Both intense state pressure for change at the University during the last year and the University's plan to launch a capital campaign within a few months give compelling reasons to undertake such a study. With substantially decreased state support (now comprising only l6 percent of the total operating budget, 23 percent of the academic budget), the possibility of privatization of at least some units becomes increasingly attractive. At the same time, for those units which will continue to require state funds, the question of relative autonomy from state control in academic and fiscal matters is one that must be considered. If we are to move towards greater regulatory autonomy in relation to the Commonwealth, we must develop management strategies that will allow us to maintain high quality within severe budgetary constraints.

II. The Process

A. Organizational Structure

The committee structure outlined below is aimed at involving the entire university community in scrutinizing and, where necessary, restructuring its operations and redefining its collective educational goals.

l. Steering Committee

The Steering Committee will be comprised of about ten or twelve key administrators and faculty members drawn from the several schools. Their responsibility will be to identify areas for discussion and deliberation and to oversee the activities of the subcommittees in schools, departments, and other units. The Provost and the Provost for Health Sciences will jointly chair the committee.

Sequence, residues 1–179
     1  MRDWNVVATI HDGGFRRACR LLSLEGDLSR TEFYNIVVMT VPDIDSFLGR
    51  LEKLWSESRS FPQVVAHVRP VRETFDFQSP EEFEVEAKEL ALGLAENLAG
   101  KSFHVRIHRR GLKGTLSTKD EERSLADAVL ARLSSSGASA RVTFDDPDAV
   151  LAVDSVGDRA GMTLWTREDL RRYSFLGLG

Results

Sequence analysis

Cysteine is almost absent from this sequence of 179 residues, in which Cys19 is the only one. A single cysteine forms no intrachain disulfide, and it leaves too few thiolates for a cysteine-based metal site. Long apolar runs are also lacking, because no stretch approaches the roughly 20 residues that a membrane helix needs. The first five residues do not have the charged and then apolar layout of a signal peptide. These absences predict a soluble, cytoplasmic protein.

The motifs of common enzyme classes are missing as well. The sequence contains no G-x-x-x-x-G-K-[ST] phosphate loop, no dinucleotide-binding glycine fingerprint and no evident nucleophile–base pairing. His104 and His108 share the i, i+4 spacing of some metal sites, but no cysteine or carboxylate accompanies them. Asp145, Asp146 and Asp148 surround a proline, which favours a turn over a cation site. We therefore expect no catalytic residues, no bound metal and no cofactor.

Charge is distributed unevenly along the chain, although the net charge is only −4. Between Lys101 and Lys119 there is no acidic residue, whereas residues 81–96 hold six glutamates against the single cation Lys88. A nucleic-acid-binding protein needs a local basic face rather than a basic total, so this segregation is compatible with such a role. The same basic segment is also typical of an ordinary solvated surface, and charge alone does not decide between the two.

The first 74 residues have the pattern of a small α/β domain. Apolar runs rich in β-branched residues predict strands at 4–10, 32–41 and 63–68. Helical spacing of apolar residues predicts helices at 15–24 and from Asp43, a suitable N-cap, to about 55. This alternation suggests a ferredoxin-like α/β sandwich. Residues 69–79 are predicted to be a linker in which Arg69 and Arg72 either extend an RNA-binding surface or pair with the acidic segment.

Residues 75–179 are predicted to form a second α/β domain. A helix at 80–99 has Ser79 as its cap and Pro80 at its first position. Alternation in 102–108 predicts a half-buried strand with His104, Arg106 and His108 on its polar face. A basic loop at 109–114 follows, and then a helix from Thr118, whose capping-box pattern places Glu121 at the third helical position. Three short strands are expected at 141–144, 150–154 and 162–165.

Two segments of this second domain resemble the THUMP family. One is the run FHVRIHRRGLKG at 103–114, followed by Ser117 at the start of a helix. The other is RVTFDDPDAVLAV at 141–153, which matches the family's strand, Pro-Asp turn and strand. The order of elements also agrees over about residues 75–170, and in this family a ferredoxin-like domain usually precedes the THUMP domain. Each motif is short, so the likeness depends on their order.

2. School and Departmental Committees

Schools, departments, and other units will be asked to establish small committees, whose members will examine among themselves and with their constituencies issues outlined by the Steering Committee as well as issues specific to their individual units. As the outcome of their deliberations, the committees will make recommendations for restructuring, reorienting, and/or streamlining their respective schools and departments. In the case of the College of Arts and Sciences, it will be necessary to have both a college-wide committee and departmental committees, which will work along parallel lines, but will also meet together to discuss broad curricular and fiscal issues.

3. Outside Consultants

At an early stage in the process, outside consultants will be engaged to participate in the self-study. Their principal concerns will be budgetary, and they will work closely with the Executive Vice President and Chief Financial Officer and the Provost. Their recommendations will provide guidelines for the Steering Committee as they frame the issues to be deliberated by school and departmental committees. Where appropriate, the consultants may provide insights and models from other institutions in the process of making substantive recommendations concerning this University. The school and departmental committees will also review the consultantsū recommendations as they formulate their plan for streamlining, change, and development within the University.

4. Mechanisms for National Benchmarking